Celltop is nowhere near being ready to compete with the interface of the iPhone, in my opinion, despite what some reviews say about it being a lower-cost alternative. I just wish, as an Alltel customer, it met some of my needs and made my way-too-expensive LG Scoop more than just a very costly device that texts and calls people. I prefer using the regular interface for texting and my call logs anyway, vs. Celltop, which I have to specifically launch in an extra step, and then wait for data to update to be able to use a cell. There are some Celltop cells I might like to own in the future – Search and Moviegoer are of actually real-world value to me, and their inclusion as freebies would have spun this entire experience in a different direction. It might have been nice if they let users choose their 5 free cells, so that every one of them could have provided benefit to the user, as opposed to give me a whole lot of nothing for “free.”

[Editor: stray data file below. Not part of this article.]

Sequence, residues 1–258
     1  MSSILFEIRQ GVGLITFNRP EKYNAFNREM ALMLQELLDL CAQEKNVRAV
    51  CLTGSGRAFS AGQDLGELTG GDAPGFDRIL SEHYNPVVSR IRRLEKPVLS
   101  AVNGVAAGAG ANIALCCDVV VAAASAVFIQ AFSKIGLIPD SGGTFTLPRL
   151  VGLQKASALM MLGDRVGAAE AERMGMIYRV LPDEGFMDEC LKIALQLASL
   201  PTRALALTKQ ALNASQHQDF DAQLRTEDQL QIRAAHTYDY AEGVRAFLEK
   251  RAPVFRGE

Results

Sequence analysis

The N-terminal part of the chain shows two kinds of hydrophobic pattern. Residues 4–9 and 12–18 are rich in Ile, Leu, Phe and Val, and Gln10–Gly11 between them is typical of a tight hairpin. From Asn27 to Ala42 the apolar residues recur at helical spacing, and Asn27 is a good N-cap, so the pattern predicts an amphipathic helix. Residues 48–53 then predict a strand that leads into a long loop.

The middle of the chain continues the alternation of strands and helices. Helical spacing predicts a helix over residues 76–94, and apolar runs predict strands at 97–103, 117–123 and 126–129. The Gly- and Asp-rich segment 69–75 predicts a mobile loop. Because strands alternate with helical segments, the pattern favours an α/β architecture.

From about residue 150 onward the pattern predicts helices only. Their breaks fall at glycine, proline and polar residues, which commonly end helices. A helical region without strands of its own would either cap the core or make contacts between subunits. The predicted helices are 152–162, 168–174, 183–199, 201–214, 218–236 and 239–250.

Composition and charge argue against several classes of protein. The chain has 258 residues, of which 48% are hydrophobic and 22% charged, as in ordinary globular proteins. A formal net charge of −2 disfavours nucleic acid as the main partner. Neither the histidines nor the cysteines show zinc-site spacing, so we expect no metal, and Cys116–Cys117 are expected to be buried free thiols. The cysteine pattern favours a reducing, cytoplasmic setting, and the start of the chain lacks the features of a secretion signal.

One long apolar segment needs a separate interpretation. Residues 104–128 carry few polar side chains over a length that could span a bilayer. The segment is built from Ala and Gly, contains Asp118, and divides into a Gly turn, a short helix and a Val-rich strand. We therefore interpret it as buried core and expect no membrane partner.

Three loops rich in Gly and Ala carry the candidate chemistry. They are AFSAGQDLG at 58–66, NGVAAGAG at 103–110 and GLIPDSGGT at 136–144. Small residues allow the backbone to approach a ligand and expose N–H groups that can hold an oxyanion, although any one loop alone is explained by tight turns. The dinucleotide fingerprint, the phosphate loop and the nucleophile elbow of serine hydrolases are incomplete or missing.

In conclusion, I’d just like to remind any marketing folks out there that we users are not stupid. We know the difference between asking us to pay money for valuable services and a money grab. It annoys me to see things like the Celltop button being placed in the position of the left softkey, and then making that choice unalterable by the user, while the right one can easily be changed. I am going to assume that is another bad marketing decision, because before they shoved Celltop onto our phones, I had selections on the left and right side that made sense for ME, as a user who wants to get to frequently used functions quickly. That decision resulted in taking away a highly valued feature from my phone. Users remember these things.
If you’d like to learn more about Celltop’s design, here are a few links:
Update July 3, 2008:
I found a forum thread where someone offers a hack for altering the Celltop softkey so you can change it. Try it at your own risk… I haven’t yet.